Wrangling, Visualising, and Interpreting our Data

Sharon Howard joined the Beyond Notability project in August 2023 as Research Fellow in Digital Humanities. As a historian who can work with data Sharon has a rather specialist skill set. Sharon has had a hugely productive year, and this post is an attempt to pull together the various threads.

When putting together the Beyond Notability project, Katherine, Amara, and I envisaged that this Research Felow role would focus on helping our user communities cut through the data we were planning to create: to show the linkages in linked data; to provide big picture views on the histories of women’s work we were assembling; to create interactives that enabled both useful and playful engagements with evidence of committee membership, education, speaking engagements, life events, and all the various myriad of information we hoped we might find in the archive.

But when it got to time for Sharon to start, we knew that whilst we needed some of that, we also needed a data analysis-led approach to helping us understand the data that had been created. We had research questions that our rough SPARQL proficiency couldn’t grapple with. But even more pressing we had a sense that our data needed greater quality assurance.

This resulted in a series of admin queries that feed into data cleaning, for example: a list of end dates without start dates (and vice versa); the dates we have recorded as when women received degrees (because whilst Oxford started doing this in 1920 and Cambridge in 1948, they admitted women before these dates, which might have been confused in data entry); or women for whom we have plenty of information but were missing a date of birth and/or date of death.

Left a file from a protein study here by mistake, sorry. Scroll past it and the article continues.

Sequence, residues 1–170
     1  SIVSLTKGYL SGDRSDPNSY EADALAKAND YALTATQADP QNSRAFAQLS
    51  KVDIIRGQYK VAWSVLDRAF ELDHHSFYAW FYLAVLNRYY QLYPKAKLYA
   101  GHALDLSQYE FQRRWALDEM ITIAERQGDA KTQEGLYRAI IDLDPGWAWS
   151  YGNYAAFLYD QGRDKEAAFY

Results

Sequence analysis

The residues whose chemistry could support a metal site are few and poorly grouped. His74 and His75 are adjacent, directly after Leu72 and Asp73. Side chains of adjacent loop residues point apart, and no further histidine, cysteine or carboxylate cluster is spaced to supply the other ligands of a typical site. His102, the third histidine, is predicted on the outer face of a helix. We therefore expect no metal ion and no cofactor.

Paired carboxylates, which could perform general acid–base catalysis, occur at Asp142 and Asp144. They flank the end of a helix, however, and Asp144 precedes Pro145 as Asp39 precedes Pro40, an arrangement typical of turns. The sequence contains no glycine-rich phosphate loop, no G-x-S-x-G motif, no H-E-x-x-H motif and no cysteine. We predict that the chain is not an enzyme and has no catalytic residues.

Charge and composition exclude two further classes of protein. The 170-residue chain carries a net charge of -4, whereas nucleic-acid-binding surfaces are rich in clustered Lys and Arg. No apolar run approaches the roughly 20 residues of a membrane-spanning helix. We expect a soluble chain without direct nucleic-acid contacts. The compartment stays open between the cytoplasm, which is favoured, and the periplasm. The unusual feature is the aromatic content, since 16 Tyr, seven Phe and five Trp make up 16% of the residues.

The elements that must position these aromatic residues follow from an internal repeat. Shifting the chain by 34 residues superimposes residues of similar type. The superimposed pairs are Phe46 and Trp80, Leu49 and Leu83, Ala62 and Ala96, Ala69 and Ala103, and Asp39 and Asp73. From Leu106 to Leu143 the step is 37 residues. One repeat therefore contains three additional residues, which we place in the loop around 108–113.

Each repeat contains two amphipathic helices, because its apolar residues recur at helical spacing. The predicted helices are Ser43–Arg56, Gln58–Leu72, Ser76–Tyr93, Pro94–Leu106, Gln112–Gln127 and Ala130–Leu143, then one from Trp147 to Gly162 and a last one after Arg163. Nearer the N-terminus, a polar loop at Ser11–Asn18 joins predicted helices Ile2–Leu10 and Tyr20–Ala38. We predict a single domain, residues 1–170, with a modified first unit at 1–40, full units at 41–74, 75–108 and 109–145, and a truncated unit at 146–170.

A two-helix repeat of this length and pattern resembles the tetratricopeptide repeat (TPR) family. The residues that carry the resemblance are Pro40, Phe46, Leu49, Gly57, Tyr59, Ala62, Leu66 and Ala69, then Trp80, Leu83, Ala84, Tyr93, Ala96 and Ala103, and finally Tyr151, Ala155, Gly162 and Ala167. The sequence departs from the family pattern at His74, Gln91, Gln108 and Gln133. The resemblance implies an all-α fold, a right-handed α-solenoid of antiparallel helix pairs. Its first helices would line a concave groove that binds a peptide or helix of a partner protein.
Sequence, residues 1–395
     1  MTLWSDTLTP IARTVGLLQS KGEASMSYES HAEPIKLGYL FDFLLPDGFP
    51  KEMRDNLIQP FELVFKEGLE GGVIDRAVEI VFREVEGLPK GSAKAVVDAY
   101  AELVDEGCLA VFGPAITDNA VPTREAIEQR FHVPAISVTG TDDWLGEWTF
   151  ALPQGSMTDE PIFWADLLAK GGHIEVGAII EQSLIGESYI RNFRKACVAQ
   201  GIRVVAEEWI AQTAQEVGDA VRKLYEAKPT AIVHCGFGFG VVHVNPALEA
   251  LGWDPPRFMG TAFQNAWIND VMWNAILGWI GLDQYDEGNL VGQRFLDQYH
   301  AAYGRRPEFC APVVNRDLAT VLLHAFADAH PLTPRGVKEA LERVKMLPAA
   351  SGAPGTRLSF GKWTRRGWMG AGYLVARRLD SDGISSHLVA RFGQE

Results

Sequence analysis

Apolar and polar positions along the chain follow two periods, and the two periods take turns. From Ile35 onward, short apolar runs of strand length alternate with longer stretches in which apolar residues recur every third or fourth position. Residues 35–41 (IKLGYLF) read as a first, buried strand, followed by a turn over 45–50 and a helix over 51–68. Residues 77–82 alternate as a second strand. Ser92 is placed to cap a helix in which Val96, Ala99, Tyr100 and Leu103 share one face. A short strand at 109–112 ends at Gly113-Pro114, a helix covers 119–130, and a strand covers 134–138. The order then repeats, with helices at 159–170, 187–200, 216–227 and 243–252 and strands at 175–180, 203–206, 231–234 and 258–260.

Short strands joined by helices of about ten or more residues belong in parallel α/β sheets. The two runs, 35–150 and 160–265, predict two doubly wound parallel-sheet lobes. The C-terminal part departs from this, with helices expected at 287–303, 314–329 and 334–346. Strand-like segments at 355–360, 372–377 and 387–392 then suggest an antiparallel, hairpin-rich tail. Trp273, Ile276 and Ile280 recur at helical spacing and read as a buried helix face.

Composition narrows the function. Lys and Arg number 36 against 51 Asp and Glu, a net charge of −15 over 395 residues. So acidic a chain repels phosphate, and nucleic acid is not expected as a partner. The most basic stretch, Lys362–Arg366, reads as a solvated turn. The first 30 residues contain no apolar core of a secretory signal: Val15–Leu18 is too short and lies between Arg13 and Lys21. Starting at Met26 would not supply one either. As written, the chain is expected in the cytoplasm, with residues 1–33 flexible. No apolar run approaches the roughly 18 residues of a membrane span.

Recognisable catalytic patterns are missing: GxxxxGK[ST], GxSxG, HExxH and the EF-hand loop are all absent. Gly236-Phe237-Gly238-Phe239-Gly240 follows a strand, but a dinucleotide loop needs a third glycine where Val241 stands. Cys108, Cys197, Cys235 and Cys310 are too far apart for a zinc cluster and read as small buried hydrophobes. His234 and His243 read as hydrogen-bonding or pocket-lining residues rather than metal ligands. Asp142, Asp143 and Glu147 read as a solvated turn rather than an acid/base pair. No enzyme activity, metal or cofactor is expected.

Alongside this, Sharon also published a series of short blogs that cut across our data and provide insights both into some of the research questions we have and – importantly – the shape of our data. These include:

As we draw towards the end of the project, Sharon and I are now extending this work in more experimental directions. Using Observable we plan to publish a series of interactives data visualisation with accompanying critical commentaries. These will tell stories with data and attempt to tease at and foreground the limitations of data-led work, with a focus on when the data we have shaped the interactives we can make (as in the example above of elections to the Royal Archaeological Institute) and on temporality. The latter has proven a particularly rich seam of thinking in the final months of the project. There is, after all, a fundamental difference in meaning between the date at which a person attended a meeting or donated a object and the date on which a person had a child or saw their book published. In the database these are all points in time, but they have different resonances within and across person’s life. Significant as they are, all the dates just aren’t all the same, and representing those distinctions visually strikes us a vital interpretive task. To see these ideas take shape over the final months of the project, head to sharonhoward.org/bn/observable where our interactive essay will gradually appear.

James Baker, Co-Investigator